These observations indicated the function of direct Bu concentration measurements using DBS sampling, without an initial estimation of plasma levels from DBS. This is in accordance with the Hct level having no influence on Bu concentrations measured using DBS or DPS sampling. However, 5.8% of the paired samples exceeded the acceptable limits in Bland–Altman analyses. Samples (only 9 out of 153) outside the acceptable limits were not restricted to a single individual or a specific time point, but were more frequent at higher Bu concentrations. Therefore, any differences after comparisons of single paired sample concentrations will result in a higher influence on method agreement, but may not significantly affect the AUC estimations from several concentrations measured per dose level. No significant deviations were observed between DBS and DPS sampling, indicating that similar AUC profiles would most likely be obtained using Bu measurements of either sampling method. However, small differences in sample collection time, time of analyses (because some of the DBS samples were analyzed 1–5 days after DPS analyses), and interpersonnel pipetting may have contributed to the variability observed between DBS and DPS. Minor differences in Bu distribution between blood cells and plasma may also lead to different drug concentrations in both matrices. Moreover, plasma protein binding may change depending on the patient's albumin level.24 Low albumin levels or protein binding saturation at very high drug concentrations in blood can increase the unbound Bu fraction, resulting in a greater distribution of the drug in the RBCs.23,24 It was observed that neither conditioning regimen, age, nor conditioning day had an influence on the correlation between Bu level measurements using DBS and DPS sampling. Samples were processed by 2 trained personnel using calibrated pipettes, thus minimizing the sample handling-induced variability. The linear relation between DBS and DPS sampling was persistent, with a slope of 0.94–1.0 (see Table 1, Supplemental Digital Content 1, http://links.lww.com/TDM/A351).
These findings demonstrate the feasibility and reliability of DBS sampling for routine Bu TDM. DBS sampling offers the advantage of decreased quantities of venous blood at multiple time point collections (only 5 µL required each time), specifically in infants and young children. Combining DBS sampling with a limited sampling strategy will require fewer collections and smaller blood quantities to provide reliable estimations of Bu clearance. Furthermore, DBS sampling can be improvised with the use of microfluidic devices to avoid potential volumetric pipetting–induced differences. DBS sampling analyses are quite rapid, and shipping across laboratories (for Bu-TDM) can be convenient, provided samples are not left at room temperature for >6 hours (analyses can be performed after 1 week if stored at −20°C).13 However, in this study, DBS samples analyzed on the same day as paired plasma samples had fewer differences than those analyzed a few days after the plasma samples. These findings are clearly indicative of the importance of the day of analyses in the quantification of Bu using DBS. Although stability studies from our laboratory have shown that Bu remains stable for up to a month when stored at −20°C,13 variations in stability may be a challenge when samples are tested after longer periods.6 DBS sampling should be feasible with the help of precise blood collection methods such as microfluidic devices, along with implementation of limited sampling strategy.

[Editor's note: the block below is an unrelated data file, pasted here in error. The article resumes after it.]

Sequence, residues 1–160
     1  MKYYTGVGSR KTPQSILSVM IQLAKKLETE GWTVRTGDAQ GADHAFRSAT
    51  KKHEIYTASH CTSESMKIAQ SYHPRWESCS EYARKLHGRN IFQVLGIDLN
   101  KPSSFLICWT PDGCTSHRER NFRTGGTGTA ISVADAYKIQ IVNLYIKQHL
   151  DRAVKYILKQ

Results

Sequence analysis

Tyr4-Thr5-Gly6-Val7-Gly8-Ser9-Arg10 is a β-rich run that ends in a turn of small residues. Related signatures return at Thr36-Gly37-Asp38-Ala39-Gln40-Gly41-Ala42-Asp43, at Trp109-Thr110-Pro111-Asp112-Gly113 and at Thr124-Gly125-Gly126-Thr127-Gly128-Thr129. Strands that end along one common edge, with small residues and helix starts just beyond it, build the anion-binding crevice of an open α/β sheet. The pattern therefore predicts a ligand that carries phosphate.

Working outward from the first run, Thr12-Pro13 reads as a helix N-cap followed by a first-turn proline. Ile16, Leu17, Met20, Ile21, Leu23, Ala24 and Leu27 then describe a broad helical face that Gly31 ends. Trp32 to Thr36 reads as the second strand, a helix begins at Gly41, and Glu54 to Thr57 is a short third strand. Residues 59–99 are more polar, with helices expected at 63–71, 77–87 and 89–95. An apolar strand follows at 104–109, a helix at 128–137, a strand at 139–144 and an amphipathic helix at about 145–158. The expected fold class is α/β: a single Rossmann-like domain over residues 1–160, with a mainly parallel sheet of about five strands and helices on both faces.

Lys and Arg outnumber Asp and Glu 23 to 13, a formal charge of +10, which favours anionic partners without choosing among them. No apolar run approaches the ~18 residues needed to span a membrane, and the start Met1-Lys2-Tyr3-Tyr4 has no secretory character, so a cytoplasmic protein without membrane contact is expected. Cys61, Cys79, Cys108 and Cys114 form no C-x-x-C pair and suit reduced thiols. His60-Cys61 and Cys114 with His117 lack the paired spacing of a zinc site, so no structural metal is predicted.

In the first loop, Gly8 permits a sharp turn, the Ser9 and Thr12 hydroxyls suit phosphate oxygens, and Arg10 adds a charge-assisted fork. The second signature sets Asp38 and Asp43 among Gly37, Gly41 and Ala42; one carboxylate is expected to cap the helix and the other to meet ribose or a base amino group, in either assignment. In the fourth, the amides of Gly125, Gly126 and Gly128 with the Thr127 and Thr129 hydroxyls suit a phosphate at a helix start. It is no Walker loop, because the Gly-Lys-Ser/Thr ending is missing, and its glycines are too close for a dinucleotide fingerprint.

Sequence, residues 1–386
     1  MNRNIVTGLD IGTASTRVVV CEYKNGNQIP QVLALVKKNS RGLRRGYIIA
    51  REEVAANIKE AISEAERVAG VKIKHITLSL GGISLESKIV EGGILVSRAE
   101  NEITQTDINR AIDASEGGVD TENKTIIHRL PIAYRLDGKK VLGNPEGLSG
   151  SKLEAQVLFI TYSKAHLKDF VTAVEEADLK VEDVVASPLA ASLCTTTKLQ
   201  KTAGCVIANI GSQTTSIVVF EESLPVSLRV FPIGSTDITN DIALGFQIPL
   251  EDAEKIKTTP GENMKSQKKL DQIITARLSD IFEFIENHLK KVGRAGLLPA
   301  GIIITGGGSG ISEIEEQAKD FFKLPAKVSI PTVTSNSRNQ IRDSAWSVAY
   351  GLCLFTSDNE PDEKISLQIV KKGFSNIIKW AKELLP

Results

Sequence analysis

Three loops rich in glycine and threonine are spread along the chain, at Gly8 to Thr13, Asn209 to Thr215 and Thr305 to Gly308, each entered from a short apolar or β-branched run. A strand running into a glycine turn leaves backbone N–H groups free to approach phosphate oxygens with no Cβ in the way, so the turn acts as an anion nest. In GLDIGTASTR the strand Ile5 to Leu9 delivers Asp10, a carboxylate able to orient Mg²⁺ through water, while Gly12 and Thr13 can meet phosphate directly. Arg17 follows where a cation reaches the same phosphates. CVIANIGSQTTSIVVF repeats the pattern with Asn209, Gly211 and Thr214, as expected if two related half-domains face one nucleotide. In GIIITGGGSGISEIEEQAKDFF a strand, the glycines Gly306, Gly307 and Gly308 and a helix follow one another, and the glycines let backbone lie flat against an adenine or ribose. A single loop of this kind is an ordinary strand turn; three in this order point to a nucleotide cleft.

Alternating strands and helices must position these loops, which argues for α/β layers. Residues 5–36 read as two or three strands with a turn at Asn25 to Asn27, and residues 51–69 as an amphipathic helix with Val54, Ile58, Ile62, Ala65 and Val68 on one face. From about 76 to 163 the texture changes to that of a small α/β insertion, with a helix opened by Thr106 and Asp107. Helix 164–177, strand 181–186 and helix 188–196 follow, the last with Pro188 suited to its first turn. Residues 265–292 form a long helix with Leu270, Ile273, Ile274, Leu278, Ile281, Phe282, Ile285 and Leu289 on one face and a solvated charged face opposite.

The potential limitation of our study is that our small sample size could have an impact on the statistical power to identify the interindividual variability. The sample size was estimated using data of 17 paired samples from the first 4 patients, during method validation. In this data set, the mean and SD difference between DBS and DPS were both 15 ng/mL, and the maximum allowed difference between methods was set at 55 ng/mL (<±7% difference). Considering an alpha level of 0.05 and a power of 80%, we would require 51 paired samples to test the stated difference (<±7%), which is lower than our defined limit (<±20), suggesting adequate power to establish method agreement. Although we had a considerable number of paired samples, the interindividual variability would have been clearer if a higher number of individuals were analyzed. All but one of the pediatric patients were diagnosed with malignancies, and received Bu 4 times daily; hence, the results and conclusions drawn are applicable to a similar setting. We also observed a slight but nonsignificant method bias at high Bu concentrations, which requires further testing, especially in a once-daily dosing schedule.
In conclusion, we demonstrated that Bu DBS concentrations correlated with Bu DPS concentrations. The study demonstrated the utility of DBS sampling for Bu TDM in pediatric patients with malignancies in whom Bu is administered 4 times daily. DBS sampling offers unique benefits to infants and younger children because only minute blood quantities are required. Moreover, changes in Hct levels, conditioning day, and age had no impact on the assay's performance, enabling the implementation of this simple method without the need for prior Hct level determination. Clinical validation criteria were adequately met despite the fact that a few of the paired samples fell outside the predefined clinical acceptance limits. DBS is a promising potential alternative to plasma sampling for Bu TDM in pediatric patients.